Who’s Streets?

I found a call for recordings for a politically themed musical thing, which always makes me happy because this sort of thing motivates me a lot. It’s got an item for consideration, “How do we view the fact that our instruments for organising sounds are linked to instruments designed to control? Is there a relationship between organising and controlling?” (the whole thing is at http://www.sonoscop.net/pop-up/convzepp09ENG.html)

So I was thinking I could use some recordings I made of people chanting at the G20 protests in London and then juxtapose that with recordings of military chants that I could steal from YouTube.

And I am astounded, perplexed and unnerved that pretty much, crowds watching troop drills sound exactly like crowds at protests with chanting. I would not be able to listen to a recording and know if I’m watching an implicitly normative crowd cheering for marching at a football game or a bunch of leftists out to reclaim the streets. (I mean, the words are different, but playing recordings for a non-english speaking audience looses that signifier.)

This is kind of worrying because it suggests that there’s not so much difference between how these positions are articulated or perhaps even between the positions themselves as they manifest in a public space.
Which manifestations are empowering and which are alarming would only seem to have to do with whether your own advantage is the one being promoted. Of course, I think there’s more to it than that. Are we supporting the rights of people who already have power or people who do not? But this suggests that both positions might fill the same needs for observers and participants. And somehow that’s disturbing me. Maybe people are more empowered by being reactionary. How can we reach out to them in that case?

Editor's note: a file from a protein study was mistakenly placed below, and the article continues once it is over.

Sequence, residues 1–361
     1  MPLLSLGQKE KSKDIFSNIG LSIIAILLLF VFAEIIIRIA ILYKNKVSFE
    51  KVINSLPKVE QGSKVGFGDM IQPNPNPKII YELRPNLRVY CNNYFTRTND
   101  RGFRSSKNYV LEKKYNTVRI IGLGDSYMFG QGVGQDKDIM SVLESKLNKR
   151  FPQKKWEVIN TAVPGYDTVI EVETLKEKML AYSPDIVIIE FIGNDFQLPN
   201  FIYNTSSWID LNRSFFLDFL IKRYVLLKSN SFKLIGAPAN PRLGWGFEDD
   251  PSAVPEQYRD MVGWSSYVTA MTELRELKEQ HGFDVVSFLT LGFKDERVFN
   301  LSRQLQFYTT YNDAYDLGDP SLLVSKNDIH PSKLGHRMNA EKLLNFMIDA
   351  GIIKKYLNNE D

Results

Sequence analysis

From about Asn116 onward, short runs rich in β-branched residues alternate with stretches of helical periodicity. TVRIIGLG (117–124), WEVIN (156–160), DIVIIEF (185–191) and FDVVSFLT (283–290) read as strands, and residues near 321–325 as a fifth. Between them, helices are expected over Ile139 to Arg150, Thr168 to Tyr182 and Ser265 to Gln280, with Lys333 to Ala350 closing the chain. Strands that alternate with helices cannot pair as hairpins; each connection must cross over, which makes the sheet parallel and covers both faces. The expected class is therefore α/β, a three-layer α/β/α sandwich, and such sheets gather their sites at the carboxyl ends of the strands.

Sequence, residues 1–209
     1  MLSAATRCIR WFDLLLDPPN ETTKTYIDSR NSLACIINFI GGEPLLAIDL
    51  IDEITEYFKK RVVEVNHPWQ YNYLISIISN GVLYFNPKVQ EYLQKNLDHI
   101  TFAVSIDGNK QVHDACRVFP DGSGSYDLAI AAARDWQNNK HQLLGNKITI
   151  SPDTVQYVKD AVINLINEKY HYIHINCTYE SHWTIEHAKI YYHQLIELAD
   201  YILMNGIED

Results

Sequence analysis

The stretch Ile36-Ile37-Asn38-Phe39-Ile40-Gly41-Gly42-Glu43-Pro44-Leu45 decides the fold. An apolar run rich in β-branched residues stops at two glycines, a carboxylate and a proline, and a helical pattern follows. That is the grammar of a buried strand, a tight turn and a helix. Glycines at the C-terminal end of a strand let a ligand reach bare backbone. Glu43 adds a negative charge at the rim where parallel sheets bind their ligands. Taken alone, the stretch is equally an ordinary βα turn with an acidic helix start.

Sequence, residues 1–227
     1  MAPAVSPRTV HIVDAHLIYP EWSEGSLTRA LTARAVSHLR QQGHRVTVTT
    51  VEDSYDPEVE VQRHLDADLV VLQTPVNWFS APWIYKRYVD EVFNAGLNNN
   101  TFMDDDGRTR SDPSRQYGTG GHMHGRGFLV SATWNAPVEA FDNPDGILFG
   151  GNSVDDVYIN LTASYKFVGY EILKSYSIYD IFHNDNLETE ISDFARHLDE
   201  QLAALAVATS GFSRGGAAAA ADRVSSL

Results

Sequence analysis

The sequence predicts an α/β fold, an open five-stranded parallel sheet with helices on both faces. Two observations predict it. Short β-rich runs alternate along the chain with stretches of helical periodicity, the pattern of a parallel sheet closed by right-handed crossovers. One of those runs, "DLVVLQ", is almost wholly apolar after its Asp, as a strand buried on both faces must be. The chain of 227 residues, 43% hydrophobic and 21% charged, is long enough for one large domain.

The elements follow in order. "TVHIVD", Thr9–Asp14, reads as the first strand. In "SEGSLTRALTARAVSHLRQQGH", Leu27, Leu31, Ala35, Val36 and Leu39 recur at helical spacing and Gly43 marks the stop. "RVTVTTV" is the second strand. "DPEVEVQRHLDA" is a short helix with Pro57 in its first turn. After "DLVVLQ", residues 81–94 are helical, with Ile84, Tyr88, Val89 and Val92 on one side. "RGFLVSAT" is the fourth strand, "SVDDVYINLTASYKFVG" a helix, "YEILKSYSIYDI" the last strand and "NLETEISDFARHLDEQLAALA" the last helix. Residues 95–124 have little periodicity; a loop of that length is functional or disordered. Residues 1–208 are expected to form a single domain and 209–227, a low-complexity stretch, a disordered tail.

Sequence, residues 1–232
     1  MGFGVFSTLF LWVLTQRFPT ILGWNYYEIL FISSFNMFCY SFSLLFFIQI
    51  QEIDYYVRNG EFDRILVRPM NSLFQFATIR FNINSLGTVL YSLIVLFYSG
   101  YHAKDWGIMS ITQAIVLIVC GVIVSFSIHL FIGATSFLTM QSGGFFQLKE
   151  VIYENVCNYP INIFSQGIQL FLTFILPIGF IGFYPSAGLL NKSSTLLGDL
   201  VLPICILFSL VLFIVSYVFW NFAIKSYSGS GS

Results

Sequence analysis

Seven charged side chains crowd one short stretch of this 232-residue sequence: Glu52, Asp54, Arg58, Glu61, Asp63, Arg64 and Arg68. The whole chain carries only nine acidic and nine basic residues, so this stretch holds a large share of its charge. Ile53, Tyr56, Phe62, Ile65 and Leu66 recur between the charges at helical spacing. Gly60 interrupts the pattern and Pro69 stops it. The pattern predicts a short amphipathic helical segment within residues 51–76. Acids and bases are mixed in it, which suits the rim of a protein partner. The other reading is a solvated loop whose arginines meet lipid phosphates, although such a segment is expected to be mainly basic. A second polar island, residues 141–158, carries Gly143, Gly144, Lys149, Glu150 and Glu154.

Speaking of protests, there’s one today about biofuels and I don’t know whether or not I want to go. Burning acres of rainforest to grow soybeans for fuel has a worse carbon footprint than burning a whole lot of petrol. Is there a role for non-waste oil biodiesel in a green, sustainable model for fuel? I don’t know. I really believed in biodiesel.

Costs of Car ownership

What they didn’t tell you in Drivers Ed

the actual cost of ownership is, of course, exceedingly high. you have to
buy gas, pay bridge toll, pay insurance, waste years of your life in
transit and stuck in traffic, while making your life shorter breathing the
extremely nasty diesel fumes which contain large amounts of particulate
matter and dioxin, while your limbs fall asleep and your mind is warped by
clear channel radio and bill boards along the ugly and polluting freeways,
which run through poor neighborhoods, poisoning the residents and also
poisoning the central valley, where the smog eventually blows, causing
astronomically high asthma rates and causing toxic pollution to gather on
the crops growing there and thus also poison our food supply, whether
organically grown or not. Biodiesel is a bit better, but not 100% and
meanwhile your car is still using up oil, still made of plastic, still
kicking up tiny rubber particles from your tires, still causing gigantic
tire disposal problems and lots and lots of really nasty air pollution
from tire disposal sites that caught fire in CA three years ago and are
still burning and it’s extremely likely that you and I both have been
transported by at least a few of the tires on fire out there and all of
these costs are hidden, but you pay later when your life is shortened and
your quality of life is diminished and people you like get cancer and die
or get killed when SUVs roll over on them or are hit by pickup trucks
while crossing the street and thus they never play bass again. and when
outcomes of decisions are statistically predictable, it shoudl not be
called an accident when a city delays putting in a traffic light
(expensive and paid for by taxes not on gasoline) and then somebody gets
killed crossing the street, that’s not an accident. When the auto
industry knows that making cars that can comfortably sail along at 80
miles and hour will lead to more speeding, more traffic fatalities, and